I was lucky enough to be born in the 1970s, when the pinkification of girls was not as prevelant as it is now. My sister and I were occasionally given the same toy in different colours, and I invariably went with blue while she chose red. I was virulently anti-pink, and while I played with dolls, I also had a collection of matchbox cars, a whole zoo-full of animals, and lots and lots of legos (with not a single pink block among them). Some of my favourite toys were a tool kit (with a saw that actually worked), the Fisher Price castle (which did have a pink dragon, but otherwise encouraged such ungirly behaviour as dropping all the characters in the dungeon and the alligator-filled moat), and the Fisher Price parking garage (complete with car elevator and petrol pump)*.
|Notice the matching outfits of the king and queen |
and prince and princess. Not a hint of pink.
|Garage equipped with elevator with ringing bell, rotating platform|
on the top floor and hydraulic lift for the cars. Bliss!
However, despite the lack of gendering pressure from my toys, I was highly covetous of one of my sister's possessions: a miniature closet containing a full complement of German-made, natural wood and metal cleaning implements (with real soap included). She was kind enough to let me play with it, and I spent many happy hours sweeping with the tiny broom and sloshing soapy water around with the tiny mop and pail.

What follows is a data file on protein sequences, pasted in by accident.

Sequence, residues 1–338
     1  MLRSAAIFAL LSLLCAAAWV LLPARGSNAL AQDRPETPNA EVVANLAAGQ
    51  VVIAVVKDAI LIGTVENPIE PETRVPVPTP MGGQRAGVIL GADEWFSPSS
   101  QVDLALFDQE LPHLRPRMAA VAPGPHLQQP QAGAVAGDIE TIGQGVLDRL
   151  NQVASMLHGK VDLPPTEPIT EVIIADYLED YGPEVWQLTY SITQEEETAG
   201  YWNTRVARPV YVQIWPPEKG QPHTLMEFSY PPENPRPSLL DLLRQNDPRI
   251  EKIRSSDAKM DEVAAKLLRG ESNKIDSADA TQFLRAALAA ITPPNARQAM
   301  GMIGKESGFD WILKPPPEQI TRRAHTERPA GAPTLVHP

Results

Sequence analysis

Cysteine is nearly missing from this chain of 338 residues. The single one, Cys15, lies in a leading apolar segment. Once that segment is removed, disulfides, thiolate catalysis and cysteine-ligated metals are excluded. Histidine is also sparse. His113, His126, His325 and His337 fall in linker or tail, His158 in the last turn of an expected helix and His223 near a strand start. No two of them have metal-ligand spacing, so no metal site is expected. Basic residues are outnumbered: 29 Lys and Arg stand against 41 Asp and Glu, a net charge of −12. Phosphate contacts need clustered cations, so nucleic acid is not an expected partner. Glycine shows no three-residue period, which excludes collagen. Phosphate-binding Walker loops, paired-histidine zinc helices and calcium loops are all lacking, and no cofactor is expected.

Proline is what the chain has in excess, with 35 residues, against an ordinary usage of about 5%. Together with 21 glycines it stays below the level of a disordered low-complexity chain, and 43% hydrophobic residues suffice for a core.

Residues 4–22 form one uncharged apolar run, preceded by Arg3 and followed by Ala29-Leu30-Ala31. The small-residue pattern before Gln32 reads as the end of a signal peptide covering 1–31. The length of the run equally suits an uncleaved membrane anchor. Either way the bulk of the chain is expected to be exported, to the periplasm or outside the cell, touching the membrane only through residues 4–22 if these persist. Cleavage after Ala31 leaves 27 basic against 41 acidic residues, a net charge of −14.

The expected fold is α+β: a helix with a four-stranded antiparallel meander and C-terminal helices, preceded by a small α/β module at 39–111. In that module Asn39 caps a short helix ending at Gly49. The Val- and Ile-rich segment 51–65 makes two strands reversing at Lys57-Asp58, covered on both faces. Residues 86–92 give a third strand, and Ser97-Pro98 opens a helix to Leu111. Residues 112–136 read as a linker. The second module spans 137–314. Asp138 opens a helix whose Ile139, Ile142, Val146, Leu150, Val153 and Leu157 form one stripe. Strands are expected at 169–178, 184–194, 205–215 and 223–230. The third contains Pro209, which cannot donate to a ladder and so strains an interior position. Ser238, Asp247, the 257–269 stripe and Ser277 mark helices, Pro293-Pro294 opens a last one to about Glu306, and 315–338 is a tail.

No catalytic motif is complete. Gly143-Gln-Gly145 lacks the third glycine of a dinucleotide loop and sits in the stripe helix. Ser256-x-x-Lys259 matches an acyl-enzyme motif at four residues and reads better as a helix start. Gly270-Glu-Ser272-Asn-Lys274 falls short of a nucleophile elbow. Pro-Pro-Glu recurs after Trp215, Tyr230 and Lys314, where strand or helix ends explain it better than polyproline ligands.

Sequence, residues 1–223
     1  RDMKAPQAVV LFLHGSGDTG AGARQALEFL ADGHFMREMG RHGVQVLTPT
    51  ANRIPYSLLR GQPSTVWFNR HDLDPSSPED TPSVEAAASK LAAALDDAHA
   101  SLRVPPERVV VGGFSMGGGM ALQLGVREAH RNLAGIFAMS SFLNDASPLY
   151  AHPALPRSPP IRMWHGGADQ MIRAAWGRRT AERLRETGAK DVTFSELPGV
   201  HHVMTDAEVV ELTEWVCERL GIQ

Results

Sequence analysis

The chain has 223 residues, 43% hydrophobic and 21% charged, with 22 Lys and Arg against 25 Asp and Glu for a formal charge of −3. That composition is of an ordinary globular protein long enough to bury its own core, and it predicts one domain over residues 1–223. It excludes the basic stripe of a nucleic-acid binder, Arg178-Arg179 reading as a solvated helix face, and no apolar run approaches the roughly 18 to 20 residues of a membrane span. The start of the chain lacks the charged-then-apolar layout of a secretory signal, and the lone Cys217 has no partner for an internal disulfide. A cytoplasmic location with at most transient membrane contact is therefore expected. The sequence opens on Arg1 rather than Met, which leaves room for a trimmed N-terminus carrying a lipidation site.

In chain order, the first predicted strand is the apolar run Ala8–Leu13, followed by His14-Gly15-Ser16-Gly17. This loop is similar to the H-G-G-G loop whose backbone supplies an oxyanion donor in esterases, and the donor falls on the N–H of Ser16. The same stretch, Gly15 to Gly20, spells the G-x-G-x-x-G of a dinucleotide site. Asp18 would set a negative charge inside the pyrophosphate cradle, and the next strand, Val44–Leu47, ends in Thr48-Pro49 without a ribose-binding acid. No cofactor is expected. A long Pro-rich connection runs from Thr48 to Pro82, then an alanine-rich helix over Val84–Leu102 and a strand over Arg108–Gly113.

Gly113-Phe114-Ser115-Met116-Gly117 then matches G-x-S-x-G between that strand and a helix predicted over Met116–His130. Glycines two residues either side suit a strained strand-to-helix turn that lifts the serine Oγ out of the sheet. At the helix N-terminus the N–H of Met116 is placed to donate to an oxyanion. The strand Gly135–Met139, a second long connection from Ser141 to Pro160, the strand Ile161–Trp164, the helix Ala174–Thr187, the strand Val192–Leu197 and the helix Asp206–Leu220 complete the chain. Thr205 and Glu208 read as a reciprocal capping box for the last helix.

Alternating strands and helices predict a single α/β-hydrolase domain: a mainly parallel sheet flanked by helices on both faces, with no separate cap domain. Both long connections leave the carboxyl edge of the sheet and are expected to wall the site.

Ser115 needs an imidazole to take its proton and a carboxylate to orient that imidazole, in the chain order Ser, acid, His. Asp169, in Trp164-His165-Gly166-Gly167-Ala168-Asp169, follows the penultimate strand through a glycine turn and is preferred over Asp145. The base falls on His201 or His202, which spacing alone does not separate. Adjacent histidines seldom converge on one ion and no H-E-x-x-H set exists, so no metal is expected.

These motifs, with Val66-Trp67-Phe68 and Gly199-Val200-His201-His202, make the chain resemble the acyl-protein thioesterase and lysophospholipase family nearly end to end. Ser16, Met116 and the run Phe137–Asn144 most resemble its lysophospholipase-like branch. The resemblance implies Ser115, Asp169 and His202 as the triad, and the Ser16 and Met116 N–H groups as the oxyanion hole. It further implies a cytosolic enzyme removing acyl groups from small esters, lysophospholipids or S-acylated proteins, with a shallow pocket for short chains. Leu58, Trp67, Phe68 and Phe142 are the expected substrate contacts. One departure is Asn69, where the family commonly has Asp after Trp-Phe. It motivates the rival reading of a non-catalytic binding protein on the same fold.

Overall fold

I suppose an interest in minatures and cleaning are not necessarily gendered. Even in the 1970s my father shared housework duties (he did the 'manly' tasks: taking out the trash, vacuuming, and mowing & raking the lawn. My mother cooked and did laundry, my sister and I cleaned the bathrooms, set & cleared the table, washed & dried the dishes, and dusted). And given that my father is probably even tidier than my mother, I suppose my interest in cleaning could arguably come from both sides.
At any rate, I am still very fond of miniatures, and still a compulsive cleaner, so while on a trip to Germany, upon passing a shop dedicated to wooden cleaning implements, I absolutely had to stop and take a look.
|Hintz - Bürsten shop in the lovely university town of Marburg|
I oohed and aahed over the brooms and brushes of every shape, size and function, all made of natural wood and bristles. But I balked somewhat at the prices (10€ for an espresso brush? Gulp). Until I saw, miracle of miracles, a miniature cleaning set! Not quite as impressive as my sister's, but this one had the added bonus of a set of tiny clothes pins and chamois cloth. I bought the green set (of course).
|Cleaning set - containing the same fragrant soap as my sister's|
I briefly considered which friend's lucky daughter would receive it, but as one shouldn't, after all, encourage gendered toys for children, I decided I would just keep it for myself.
|Gleeful contemplation of my very own cleaning set, at long last.|
*Tragically, my parents gave the Fisher Price toys away when my sister and I went off to college. I am considering sourcing replacements from ebay.